I am not here to give you that tip.
I am here, however, to give you the advice I feel is crucial to any writer. If you don't follow this tip, you'll never reach your full potential. It's simple:
Finish what you start.
I cannot possibly hit you over the head with this hard enough.*
I cringe every time I hear a writer talk about how they have dozens of half- or quarter-finished novels, but nothing complete. "I just get distracted easily by new ideas," they say. They're making improvement almost impossible. Sure, they'll get good at writing beginnings. Maybe even middles. But what good is being able to write a beginning and middle if you never get experience writing endings?
And what about revision? If you never finish a book, you never have an opportunity to learn how to revise. In many ways, revision is a more important writing skill to develop than writing a first draft. Your first drafts will always be a mess, but revision turns them into something readable.
Think of it this way: imagine a piano player. She starts learning a song slowly, a few lines at a time. When she masters a line, she moves on to the next, and so on. Except that she stops halfway through the song, and starts working on a different piece of music, never returning to the first. What has she accomplished? Sure, she can play part of a song, but you can't perform half a song. Writing is the exact same way.
How, then, do you finish what you start?
It's easy. Trust me. First, you start a book. You keep writing. When you get another, "better" idea, you write it down, and then leave it alone. You don't start writing it--you keep writing the first book. Whenever another new idea comes around, you repeat the process until you're done.
As I've said before, the thing about "shiny new ideas" is that they're rarely as good as you think they are. Some ideas will seem awesome at first, but after you've mulled it over for awhile, you realize that it's not that interesting. If you stick to your current work in progress without switching to the new idea immediately, you allow yourself that time. You allow the new idea time to sit in your brain, and either fizzle out or solidify. If it solidifies, great. That's an idea you can use for your next book. If it fizzles out, also great. That's one more idea you don't have to worry about.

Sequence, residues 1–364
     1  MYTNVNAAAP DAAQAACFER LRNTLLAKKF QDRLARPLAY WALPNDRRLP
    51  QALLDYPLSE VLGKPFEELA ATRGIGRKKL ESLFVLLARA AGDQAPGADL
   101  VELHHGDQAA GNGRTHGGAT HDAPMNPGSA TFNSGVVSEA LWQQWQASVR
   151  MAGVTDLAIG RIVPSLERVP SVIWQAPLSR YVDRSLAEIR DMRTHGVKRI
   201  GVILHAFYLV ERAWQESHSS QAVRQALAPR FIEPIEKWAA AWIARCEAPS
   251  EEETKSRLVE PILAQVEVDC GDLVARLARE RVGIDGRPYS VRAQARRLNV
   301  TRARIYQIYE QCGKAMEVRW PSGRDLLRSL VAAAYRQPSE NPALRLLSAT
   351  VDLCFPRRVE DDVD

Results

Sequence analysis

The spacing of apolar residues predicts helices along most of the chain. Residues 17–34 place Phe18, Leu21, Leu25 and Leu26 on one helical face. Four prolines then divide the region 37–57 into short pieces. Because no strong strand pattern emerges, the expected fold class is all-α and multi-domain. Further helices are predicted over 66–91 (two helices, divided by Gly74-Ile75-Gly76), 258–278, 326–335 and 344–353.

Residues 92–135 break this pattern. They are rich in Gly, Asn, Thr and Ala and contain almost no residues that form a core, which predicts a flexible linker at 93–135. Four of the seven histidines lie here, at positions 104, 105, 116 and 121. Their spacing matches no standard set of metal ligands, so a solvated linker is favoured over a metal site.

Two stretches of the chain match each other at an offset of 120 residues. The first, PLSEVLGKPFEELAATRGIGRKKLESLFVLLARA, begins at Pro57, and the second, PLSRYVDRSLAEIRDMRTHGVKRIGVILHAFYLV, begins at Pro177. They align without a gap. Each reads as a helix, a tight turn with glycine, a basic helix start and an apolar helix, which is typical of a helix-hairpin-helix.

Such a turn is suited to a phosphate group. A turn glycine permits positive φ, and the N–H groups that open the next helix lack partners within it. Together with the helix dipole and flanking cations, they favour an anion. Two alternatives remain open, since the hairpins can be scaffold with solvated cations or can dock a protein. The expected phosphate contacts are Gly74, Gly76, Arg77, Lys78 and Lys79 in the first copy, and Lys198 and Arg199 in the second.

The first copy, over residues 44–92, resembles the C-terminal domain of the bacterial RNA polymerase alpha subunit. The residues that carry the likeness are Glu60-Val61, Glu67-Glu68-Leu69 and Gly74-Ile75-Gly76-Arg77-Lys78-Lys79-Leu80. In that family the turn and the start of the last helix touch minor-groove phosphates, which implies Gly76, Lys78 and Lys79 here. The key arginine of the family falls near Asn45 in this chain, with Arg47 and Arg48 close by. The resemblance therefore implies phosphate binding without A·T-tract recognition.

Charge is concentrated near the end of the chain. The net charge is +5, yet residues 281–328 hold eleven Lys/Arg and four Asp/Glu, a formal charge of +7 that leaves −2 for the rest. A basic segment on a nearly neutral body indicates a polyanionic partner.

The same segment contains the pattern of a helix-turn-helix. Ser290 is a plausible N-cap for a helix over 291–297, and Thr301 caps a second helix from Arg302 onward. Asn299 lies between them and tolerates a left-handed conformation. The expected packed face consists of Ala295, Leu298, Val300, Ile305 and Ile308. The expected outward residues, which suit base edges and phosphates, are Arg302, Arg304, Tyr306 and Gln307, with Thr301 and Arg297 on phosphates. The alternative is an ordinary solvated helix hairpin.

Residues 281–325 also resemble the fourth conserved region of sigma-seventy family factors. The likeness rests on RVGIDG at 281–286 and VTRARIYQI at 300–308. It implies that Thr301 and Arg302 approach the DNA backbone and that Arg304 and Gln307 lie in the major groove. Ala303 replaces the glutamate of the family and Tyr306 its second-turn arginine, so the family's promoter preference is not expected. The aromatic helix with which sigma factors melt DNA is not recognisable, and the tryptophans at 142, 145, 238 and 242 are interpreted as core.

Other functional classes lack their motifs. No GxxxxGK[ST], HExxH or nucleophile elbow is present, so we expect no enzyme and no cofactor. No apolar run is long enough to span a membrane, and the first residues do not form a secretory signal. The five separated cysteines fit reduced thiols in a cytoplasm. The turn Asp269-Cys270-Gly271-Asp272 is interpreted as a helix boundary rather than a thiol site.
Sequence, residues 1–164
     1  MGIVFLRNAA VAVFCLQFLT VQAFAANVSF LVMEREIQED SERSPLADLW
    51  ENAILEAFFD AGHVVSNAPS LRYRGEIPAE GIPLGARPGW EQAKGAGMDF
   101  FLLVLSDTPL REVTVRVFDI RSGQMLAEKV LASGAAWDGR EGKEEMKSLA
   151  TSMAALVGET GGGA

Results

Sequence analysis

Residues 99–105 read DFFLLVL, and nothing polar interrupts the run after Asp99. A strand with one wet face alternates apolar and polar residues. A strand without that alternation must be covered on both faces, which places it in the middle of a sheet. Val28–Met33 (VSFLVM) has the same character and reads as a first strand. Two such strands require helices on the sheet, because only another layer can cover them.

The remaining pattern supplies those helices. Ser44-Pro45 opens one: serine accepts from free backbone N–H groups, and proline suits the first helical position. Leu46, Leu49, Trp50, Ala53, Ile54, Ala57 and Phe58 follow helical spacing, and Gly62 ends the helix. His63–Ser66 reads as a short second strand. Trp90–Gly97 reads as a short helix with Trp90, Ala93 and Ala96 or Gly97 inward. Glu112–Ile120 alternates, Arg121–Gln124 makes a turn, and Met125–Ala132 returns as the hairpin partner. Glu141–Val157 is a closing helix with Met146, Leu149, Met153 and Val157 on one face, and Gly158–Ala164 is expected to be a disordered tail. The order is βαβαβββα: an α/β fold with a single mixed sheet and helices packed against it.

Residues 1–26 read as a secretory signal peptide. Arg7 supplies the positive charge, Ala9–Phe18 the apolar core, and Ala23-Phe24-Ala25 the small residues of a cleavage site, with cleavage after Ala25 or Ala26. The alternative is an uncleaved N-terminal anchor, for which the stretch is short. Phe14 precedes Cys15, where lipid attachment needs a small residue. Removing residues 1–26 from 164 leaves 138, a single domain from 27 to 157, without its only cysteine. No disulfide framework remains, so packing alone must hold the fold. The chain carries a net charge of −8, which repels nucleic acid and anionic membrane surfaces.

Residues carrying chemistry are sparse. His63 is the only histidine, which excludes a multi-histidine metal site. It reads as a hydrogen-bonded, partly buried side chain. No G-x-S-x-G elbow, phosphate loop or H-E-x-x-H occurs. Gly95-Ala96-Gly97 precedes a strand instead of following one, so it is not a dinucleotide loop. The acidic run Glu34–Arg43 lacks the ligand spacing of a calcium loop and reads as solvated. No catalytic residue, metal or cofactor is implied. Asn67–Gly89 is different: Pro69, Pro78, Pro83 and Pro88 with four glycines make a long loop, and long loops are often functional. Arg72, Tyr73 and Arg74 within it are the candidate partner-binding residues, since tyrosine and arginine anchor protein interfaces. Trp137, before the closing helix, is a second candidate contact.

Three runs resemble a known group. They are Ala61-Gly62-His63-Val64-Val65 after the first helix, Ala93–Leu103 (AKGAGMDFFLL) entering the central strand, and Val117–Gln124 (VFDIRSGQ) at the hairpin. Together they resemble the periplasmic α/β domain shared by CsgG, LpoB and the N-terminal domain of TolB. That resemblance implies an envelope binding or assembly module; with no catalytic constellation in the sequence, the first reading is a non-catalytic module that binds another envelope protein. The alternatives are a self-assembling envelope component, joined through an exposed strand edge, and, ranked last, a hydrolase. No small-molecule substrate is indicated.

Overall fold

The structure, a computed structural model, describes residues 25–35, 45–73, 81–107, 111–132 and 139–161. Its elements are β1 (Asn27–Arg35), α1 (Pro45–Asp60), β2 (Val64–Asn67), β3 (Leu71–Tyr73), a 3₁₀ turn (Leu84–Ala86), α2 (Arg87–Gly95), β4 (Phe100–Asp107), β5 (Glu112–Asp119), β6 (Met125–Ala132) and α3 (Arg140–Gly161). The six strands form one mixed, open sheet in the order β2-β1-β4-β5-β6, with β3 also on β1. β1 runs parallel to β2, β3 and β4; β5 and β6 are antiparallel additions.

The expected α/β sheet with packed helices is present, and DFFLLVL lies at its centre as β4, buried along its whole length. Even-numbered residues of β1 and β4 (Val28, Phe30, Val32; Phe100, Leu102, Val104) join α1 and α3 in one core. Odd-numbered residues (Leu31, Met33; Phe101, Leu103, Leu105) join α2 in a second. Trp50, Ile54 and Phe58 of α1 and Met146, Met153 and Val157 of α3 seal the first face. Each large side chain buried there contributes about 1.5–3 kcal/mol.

Working with the "I'm sticking with this novel all the way" mindset allows you to focus on one idea, thus giving it the attention and thought it needs. Novels, in some ways, involve more thought than writing. The more time you spend working on a novel, the more time your brain has to work through new plot ideas, patch up plot holes, and generally figure out where you're going with it.
Committing yourself to seeing one novel through to the end forces you to be critical of your own ideas. It forces you to weigh all of your promising ideas and choosing the one that resonates with you more than any other. It makes you put every idea to the test. This is another way to weed out bad ideas. When you finally choose the one idea to stick with, you know that idea is stronger than the others. If you know that, you're already a step ahead of anyone who abandons their current project for every flash of inspiration.
If nothing else, let's look at it from a publishing standpoint. If you ever want to be published, you'll have to finish your book. You an query an agent without a finished book, sure, but what happens when they want to read it? You won't have a complete work to show them. If you do get published, people will want another book. Your publisher and your readers will expect more, and that means you'll have to finish another book. And so on for the rest of your career.
I'm resisting the urge to go all caps lock on this. I could just end this post by writing FINISH THINGS, PEOPLE!
These past blog posts might help you:
How To Finish A Book
How To Battle Writer's Block And Emerge Victorious
The Shiny New Idea (And How To Hide It Under A Bushel Basket)
*Disclaimer: I do not actually want to physically hit you. Or Hulk out and smash around some Norse gods.